IIm - IIm7 - Vsus4 - V
The step from IIm to V belongs to the most common chord progressions in modern music history. These two chords often form the foundation for whole songs or endless instrumental solos. IIm→V is also part of numerous chord progressions like the 2-5-1 progression (IIm7 V7 Imaj7, z.B. Dm7 G7 Cmaj7), the "16-25 turnaround" (Imaj7 VIm7 IIm7 V7, z.B. Cmaj7 Am7 Dm7 G7) and all kinds of variations. The variation shown here with the inserted sus4 chord goes especially well with slower songs (ballads).
The V chord often comes with a 7th. We leave it at a plain major chord here. Two other things are important in this lesson:
- If one chord lasts for a whole bar or longer, we can arrange some harmonical movement - like || Dm Dm7 || instead of || Dm || and || Gsus4 G || instead of a whole bar of || G ||.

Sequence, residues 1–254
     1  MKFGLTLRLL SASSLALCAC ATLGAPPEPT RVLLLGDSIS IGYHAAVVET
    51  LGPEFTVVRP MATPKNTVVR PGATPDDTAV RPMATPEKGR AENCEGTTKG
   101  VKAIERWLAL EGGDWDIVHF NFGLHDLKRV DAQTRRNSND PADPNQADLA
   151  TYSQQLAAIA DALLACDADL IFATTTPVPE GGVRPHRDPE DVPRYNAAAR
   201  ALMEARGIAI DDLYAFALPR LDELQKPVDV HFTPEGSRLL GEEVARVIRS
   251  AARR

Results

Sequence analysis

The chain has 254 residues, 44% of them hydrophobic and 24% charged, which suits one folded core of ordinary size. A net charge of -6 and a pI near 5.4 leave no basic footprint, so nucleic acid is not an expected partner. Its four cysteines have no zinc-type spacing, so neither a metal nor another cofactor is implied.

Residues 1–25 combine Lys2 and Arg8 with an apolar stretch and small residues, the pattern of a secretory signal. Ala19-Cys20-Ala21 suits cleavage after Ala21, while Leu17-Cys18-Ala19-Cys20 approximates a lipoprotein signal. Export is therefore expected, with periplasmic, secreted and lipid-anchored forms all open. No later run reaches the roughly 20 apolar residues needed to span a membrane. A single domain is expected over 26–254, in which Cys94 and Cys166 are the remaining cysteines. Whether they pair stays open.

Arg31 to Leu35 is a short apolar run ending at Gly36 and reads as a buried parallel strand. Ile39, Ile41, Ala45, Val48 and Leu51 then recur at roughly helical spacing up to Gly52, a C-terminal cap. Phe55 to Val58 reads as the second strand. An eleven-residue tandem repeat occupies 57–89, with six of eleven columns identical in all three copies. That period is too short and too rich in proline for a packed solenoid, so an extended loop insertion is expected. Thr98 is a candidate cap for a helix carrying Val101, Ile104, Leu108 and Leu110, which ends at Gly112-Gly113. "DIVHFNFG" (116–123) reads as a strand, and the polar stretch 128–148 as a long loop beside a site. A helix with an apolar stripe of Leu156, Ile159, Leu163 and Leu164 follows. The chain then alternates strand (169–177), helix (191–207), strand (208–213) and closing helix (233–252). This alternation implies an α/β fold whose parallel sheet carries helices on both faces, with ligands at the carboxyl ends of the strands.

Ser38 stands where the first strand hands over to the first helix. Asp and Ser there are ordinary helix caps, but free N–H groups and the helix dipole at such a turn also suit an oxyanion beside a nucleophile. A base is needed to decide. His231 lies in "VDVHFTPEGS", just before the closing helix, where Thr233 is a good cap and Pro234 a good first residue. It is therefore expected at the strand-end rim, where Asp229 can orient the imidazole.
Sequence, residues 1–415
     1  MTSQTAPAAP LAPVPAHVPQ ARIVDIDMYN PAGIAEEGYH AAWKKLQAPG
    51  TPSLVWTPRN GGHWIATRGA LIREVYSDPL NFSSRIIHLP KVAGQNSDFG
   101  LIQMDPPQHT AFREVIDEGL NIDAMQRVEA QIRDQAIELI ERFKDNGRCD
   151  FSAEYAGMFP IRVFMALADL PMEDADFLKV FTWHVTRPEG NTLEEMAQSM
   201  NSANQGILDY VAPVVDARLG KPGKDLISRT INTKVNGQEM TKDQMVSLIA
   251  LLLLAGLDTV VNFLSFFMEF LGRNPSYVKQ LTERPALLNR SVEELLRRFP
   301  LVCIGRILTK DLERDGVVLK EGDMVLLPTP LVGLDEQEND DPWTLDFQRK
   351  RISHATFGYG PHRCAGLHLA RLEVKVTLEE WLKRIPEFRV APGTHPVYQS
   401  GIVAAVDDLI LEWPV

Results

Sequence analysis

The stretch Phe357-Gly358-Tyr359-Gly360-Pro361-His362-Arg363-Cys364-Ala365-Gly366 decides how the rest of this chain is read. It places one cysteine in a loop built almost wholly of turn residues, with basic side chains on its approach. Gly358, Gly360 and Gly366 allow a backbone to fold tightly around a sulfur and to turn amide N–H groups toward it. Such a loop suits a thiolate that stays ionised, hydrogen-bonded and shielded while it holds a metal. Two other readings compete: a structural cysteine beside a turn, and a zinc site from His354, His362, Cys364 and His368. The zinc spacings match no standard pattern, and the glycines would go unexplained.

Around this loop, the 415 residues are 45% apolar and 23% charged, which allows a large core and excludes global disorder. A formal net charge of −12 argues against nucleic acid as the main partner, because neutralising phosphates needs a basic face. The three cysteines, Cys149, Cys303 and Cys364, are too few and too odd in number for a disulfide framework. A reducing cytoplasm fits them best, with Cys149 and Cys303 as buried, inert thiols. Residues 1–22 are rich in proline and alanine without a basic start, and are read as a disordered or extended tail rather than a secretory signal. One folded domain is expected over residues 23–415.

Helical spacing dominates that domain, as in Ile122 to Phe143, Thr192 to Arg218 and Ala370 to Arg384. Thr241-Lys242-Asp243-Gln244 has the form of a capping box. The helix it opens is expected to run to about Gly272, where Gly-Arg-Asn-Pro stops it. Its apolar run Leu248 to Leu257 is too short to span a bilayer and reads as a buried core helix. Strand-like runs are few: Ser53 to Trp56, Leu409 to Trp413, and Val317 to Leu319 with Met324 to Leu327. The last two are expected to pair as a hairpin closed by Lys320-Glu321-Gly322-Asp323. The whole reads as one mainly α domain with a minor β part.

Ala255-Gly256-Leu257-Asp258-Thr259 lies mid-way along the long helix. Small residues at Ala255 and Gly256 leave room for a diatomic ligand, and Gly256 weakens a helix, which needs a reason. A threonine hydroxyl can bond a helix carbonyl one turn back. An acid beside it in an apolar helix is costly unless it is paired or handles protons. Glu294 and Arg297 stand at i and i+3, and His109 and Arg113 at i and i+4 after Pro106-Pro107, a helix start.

- Often a change of key is produced by changing a major chord to a minor chord. Like this the V chord becomes the IIm chord of the next key and the key changes in steps of fourth (e.g. C Dur ⇒ F Dur ⇒ Bb Dur ⇒ etc.).
This chord progression does not only sound great - it will teach you to see immediately where the 7th, 3rd or 4th is in your chord shape. There's no better exercise than practicing the progression in all twelve keys*.
*) It's not important that you are using exactly the same chord shapes that are shown in the chord diagrams above. Decide by yourself, whether you want to play e.g. a G major chord with open strings or as barre chord...
In this video I am playing the progression through all twelve keys (repeated one time in each key):